First of all, it is important, when deciding legal issues that the court be provided with the “appropriate adversarial context.” This point was made by the Nova Scotia Court of Appeal in R. v. McGrath,  N.S.J. No. 135, in relation to the matter of a moot appeal.
 I am satisfied I have the discretion to order the appointment of counsel to assist me, in other words, an amicus curiae. I note the following comments in R. v. Romanowicz,  O.J. No. 3191from the Ontario Court of Appeal:
59 The authority of the criminal trial court to control its own process has been recognized both where the court exercises a discretionary power granted by the Criminal Code and where there is no statutory authority for the court's action. For example, it has been held that criminal courts have the power to appoint counsel…
 The reference to appointing counsel in Romanowicz is a reference to appointing Rowbotham counsel to represent an accused. However the power to appoint counsel also extends to appointing amicus counsel for the court’s assistance where appropriate. Such an appointment is appropriate in a case that engages the court’s obligations to safeguard the rule of law and the integrity of the criminal justice system.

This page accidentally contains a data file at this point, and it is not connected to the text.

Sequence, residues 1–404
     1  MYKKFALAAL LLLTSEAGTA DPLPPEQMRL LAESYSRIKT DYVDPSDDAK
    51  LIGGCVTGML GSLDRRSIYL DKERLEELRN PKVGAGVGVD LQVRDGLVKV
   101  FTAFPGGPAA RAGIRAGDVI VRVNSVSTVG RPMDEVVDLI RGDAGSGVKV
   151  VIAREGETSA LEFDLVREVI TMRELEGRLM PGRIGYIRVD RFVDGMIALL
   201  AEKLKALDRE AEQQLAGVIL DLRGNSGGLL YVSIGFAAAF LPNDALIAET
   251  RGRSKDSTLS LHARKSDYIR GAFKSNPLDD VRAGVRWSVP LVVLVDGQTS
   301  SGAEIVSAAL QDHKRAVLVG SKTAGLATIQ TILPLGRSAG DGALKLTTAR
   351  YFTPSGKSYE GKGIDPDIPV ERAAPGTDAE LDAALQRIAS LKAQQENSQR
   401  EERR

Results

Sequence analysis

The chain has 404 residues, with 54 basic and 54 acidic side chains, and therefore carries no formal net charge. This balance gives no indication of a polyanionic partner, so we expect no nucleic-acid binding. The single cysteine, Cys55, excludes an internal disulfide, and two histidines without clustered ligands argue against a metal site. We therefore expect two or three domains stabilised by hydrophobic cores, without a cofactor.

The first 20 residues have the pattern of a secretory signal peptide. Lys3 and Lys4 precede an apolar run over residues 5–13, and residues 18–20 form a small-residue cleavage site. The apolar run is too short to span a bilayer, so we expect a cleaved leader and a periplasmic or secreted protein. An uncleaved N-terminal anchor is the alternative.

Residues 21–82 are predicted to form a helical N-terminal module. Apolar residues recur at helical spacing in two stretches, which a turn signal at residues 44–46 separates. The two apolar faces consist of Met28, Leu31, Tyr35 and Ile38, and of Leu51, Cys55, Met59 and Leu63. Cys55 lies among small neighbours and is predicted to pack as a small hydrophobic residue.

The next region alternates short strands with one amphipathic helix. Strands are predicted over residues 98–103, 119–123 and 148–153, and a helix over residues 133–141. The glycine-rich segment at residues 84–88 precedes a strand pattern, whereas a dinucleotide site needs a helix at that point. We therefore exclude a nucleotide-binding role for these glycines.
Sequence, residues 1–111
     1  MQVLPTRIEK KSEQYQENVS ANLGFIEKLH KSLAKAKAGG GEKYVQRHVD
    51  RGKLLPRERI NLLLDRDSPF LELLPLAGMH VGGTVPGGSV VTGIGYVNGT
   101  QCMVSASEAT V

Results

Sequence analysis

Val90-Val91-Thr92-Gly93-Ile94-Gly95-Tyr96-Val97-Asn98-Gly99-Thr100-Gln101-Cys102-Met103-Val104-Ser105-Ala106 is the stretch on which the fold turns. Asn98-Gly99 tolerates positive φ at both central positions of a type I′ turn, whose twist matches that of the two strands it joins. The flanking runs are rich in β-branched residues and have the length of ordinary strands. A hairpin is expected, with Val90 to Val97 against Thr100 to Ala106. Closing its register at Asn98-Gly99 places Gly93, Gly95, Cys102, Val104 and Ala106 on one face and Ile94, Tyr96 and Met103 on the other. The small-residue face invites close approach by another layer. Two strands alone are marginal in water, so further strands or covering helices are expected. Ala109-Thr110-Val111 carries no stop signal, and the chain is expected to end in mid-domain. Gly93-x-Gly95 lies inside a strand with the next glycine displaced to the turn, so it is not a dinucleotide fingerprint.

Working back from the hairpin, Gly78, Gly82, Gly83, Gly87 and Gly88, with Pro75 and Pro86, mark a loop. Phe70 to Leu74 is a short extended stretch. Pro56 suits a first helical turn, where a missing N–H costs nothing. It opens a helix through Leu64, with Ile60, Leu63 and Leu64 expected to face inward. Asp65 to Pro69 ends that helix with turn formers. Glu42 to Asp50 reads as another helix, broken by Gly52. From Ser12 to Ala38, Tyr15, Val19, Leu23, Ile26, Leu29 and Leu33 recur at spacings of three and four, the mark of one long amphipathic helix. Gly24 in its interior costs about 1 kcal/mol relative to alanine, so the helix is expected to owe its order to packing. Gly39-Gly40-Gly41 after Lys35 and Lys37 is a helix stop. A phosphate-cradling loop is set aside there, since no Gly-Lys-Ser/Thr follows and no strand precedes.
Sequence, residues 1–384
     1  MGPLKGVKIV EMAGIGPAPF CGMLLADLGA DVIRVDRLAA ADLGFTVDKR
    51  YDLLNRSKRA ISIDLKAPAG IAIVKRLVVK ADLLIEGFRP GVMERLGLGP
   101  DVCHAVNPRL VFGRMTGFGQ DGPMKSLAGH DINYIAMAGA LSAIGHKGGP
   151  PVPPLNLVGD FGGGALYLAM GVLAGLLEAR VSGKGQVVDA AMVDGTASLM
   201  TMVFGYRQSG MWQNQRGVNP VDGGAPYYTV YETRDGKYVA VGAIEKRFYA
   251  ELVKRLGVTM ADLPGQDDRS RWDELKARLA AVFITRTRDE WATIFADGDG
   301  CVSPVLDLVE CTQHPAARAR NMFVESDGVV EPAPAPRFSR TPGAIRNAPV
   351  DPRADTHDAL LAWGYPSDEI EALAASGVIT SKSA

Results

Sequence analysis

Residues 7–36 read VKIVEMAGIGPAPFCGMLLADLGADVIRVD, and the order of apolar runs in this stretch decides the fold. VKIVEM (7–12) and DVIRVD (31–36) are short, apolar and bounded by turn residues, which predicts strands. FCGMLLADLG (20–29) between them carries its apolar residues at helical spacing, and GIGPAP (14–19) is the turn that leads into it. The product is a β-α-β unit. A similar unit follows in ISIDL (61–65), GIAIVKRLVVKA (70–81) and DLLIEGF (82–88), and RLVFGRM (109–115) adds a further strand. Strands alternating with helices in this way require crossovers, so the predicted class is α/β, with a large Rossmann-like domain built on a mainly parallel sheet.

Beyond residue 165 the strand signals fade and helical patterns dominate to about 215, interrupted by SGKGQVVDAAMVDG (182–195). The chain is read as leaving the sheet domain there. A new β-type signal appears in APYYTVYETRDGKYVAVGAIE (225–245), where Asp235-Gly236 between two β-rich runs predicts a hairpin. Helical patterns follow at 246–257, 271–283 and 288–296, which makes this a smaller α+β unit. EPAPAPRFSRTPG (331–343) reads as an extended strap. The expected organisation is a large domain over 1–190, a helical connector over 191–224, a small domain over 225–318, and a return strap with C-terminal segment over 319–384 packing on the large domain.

I have determined on all the circumstances of this case that I require counsel to assist me in relation to the issues in Mr. Jones’ sentencing. That counsel can also consider whether Mr. Jones’ mental health should be addressed under the Criminal Code provisions or otherwise in the context of the sentencing process. I intend to hold a pre-trial, once I have selected counsel, to instruct on the assistance I am seeking.
 It is for the court to determine what it needs in terms of counsel. Amicus curiae are typically senior members of the bar. I require experienced, senior counsel from the criminal defence bar, either Legal Aid or the private bar. By experienced, senior counsel I mean at least 10 years practice that includes criminal defence work. I am seeking to have a short list of candidates willing to act as amicus provided to me and I will make a selection. ...